2) He enshrined a crazy little concept called The Rights of the Accused: Warren made clear that anyone accused of a crime should have the right to an attorney and that, if they could not afford an attorney, one should be provided by the state. He also made clear that the accused should be informed of their constitutional rights at the time of their arrest. Oh, and he established a right to silence. At the time, many felt Warren was making it too easy for the accused to escape punishment by making it too difficult for the police. Some people - like myself - reckon that Warren was just establishing basic human rights.

3) One Man, One Vote: In the 1950s, it became clear that many state legislatures had not reapportioned representation for many years. As a result, rural areas had disproportionate representation in these legislatures. So Earl comes in and says, yeah, you're gonna need to deal with that. One man, one vote. I believe Earl thought these rulings to be the most important he made while on the Court.

4) He believed in the separation of church and state: I'm not religious. That said, I believe that everyone should have the right to practice a religion. I also believe that the state should not promote one particular religion over another, or force citizens to participate in religious ceremonies. In my view, religion is a private choice, and the state should not be involved in it. Earl thought the same and, in a series of rulings, made clear that religious activity should not be prescribed in schools. This was a highly controversial decision at the time but, in McReadie's opinion, separation of state and church is a good thing. And, besides which, the Constitution makes clear that there should be a separation.

5) Seems like he was a good guy: Shortly after he became Chief Justice, Warren was walking in a hallway near his office when he noticed an awed worker. Warren wandered over to the guy, and greeted him with: "My name is Earl Warren - what's yours?" The name of the awed worker? Thurgood Marshall - later to become the first black Supreme Court justice.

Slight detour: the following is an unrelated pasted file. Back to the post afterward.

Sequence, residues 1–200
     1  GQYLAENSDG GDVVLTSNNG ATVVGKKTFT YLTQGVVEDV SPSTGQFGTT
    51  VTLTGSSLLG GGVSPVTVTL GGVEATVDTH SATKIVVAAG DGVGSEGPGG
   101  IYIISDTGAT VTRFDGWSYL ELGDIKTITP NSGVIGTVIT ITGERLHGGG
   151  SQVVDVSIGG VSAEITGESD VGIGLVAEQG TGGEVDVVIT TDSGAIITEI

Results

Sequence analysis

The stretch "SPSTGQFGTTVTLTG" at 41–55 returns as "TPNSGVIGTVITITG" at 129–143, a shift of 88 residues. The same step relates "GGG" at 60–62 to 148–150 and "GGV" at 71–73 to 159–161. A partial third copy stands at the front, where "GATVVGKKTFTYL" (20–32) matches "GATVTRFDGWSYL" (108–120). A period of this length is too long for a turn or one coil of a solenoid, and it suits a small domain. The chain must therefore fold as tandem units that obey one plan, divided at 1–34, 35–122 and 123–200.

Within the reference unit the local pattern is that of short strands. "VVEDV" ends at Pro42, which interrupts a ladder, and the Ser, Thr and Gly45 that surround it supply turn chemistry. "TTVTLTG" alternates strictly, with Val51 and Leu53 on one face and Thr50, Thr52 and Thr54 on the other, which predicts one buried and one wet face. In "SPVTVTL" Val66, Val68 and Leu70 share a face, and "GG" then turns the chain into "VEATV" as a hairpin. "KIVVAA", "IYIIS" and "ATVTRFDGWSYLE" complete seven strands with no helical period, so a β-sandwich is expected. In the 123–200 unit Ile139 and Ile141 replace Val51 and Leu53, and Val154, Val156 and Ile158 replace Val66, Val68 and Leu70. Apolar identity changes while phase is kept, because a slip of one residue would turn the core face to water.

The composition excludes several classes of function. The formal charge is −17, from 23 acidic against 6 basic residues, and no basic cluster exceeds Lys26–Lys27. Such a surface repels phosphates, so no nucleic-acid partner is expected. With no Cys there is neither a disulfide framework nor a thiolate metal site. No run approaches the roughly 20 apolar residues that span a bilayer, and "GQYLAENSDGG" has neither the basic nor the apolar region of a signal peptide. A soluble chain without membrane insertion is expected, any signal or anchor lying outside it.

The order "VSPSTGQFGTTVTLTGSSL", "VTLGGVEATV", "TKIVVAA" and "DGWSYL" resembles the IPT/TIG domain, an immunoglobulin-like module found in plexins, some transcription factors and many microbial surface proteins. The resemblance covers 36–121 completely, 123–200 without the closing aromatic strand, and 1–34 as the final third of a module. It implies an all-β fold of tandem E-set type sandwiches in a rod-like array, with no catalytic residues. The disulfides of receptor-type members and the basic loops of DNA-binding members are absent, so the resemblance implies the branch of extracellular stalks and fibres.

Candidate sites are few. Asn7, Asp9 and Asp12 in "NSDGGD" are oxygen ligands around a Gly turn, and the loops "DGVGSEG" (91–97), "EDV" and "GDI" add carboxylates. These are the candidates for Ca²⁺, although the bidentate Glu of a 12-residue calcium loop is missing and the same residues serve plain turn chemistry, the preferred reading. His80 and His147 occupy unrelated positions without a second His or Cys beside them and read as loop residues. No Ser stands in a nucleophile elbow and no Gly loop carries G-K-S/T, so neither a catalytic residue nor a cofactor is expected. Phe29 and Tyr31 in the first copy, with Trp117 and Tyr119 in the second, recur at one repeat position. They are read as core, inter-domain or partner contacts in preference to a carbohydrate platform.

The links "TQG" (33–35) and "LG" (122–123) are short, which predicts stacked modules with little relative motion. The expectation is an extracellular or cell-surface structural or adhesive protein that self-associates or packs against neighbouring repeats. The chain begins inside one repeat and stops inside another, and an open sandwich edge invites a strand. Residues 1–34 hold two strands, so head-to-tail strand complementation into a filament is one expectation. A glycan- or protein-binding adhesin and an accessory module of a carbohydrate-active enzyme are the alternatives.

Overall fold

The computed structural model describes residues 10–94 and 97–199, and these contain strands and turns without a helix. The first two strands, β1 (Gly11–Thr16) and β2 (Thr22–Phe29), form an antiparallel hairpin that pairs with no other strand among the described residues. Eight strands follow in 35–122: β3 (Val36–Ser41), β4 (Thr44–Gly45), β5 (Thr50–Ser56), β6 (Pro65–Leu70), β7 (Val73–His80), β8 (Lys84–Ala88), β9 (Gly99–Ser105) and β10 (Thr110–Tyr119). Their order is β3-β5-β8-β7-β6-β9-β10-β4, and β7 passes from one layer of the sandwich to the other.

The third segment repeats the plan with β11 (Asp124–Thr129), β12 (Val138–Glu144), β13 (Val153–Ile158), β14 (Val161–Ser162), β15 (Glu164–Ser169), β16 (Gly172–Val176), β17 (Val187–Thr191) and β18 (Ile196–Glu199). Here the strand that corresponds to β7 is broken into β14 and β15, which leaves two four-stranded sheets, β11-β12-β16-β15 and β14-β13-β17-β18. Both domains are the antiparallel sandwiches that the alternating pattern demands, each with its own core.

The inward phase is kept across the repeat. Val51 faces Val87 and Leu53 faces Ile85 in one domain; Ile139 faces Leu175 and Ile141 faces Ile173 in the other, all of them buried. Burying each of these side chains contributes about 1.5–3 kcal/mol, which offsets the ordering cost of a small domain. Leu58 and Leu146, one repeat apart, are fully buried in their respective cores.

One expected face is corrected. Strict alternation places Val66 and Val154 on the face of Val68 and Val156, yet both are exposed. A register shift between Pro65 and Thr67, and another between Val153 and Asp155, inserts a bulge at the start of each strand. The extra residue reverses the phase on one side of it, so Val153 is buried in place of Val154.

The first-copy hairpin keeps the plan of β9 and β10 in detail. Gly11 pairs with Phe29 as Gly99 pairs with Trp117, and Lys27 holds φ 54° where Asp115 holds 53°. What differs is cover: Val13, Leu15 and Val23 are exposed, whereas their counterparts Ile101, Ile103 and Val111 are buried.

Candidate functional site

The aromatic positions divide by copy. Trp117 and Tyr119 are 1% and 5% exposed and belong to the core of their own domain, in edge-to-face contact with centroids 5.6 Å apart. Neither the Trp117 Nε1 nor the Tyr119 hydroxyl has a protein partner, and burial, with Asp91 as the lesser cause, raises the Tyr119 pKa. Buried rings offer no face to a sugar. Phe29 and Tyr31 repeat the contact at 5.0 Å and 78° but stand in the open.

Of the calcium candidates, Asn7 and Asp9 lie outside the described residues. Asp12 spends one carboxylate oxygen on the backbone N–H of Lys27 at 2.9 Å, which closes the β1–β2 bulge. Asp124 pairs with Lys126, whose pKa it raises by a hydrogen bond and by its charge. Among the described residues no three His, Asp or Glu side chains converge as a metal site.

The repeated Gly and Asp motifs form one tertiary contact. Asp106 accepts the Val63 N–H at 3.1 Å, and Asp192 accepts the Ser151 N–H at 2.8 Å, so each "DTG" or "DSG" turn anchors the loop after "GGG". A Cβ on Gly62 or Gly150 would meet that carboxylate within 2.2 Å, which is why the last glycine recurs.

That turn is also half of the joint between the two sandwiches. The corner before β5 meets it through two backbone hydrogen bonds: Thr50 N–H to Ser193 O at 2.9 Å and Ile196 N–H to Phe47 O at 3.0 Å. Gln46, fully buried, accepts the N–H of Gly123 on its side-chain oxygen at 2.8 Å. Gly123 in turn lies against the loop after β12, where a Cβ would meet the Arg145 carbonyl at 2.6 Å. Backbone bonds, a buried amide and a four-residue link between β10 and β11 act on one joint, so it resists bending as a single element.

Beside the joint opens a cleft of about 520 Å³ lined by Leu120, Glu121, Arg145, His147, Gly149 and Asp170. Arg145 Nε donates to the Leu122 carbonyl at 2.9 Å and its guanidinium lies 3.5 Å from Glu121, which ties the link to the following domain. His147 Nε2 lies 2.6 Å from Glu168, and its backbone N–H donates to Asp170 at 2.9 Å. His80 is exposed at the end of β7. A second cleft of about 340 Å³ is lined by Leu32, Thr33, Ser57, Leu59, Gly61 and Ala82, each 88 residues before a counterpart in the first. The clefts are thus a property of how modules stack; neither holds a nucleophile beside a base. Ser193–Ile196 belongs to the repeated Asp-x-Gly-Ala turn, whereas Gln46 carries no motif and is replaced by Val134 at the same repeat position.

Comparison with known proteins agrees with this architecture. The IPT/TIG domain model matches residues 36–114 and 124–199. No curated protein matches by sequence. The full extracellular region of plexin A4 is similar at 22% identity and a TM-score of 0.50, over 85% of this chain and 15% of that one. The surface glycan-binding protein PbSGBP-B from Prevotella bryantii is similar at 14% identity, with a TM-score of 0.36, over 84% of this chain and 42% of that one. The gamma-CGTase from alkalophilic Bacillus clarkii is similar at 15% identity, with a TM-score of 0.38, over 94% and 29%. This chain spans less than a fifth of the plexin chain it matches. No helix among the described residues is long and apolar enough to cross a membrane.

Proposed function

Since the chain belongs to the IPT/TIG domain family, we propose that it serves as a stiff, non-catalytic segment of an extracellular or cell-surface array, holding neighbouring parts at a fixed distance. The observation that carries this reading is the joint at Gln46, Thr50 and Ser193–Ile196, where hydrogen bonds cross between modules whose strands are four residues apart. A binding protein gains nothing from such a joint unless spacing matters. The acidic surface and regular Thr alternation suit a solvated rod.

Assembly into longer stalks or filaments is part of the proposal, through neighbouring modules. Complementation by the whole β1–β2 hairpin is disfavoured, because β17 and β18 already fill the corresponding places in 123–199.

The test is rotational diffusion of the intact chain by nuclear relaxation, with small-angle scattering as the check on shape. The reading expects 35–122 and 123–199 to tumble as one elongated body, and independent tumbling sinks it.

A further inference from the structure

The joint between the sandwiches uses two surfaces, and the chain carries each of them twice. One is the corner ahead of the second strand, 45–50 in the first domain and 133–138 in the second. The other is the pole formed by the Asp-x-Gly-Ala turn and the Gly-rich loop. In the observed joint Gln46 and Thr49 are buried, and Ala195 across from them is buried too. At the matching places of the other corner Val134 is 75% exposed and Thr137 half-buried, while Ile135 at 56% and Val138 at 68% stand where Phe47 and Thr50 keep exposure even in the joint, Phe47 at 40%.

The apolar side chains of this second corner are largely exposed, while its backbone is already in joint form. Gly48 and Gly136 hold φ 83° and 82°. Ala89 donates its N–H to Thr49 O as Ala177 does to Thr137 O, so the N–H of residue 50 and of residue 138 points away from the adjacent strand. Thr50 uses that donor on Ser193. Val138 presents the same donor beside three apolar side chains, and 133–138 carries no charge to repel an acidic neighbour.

6) He fooled Eisenhower: Having read thus far (honestly - I'll be surprised if anyone has), you could be forgiven for thinking that Warren was a Democrat. Nope - he was a Republican. He was nominated to the Court by Eisenhower, who expected Warren to be a moderate Republican. So you can imagine that Dwight was a little shocked when Earl turned out to be a bit of a liberal. Eisenhower later described his choice of Warren as "the biggest damn fool mistake I ever made".

I mean, c'mon! What's not to love?


  • At 6:42 PM, Anonymous Anonymous said…

    Whew! I read all the way to the bottom of that and was getting more and more in vibe with your groove and then I got to point #6 and now I am an Earl Warren fan. Please, please, please can't we have another one of his like right now. Can't we have one to pull the wool over that dumbass Bush's eyes so we can have a moderate court?
    Do you know of anyone?
    Sadly still Anonymous in Wyoming as the f*%$ing login won't work for me just yet.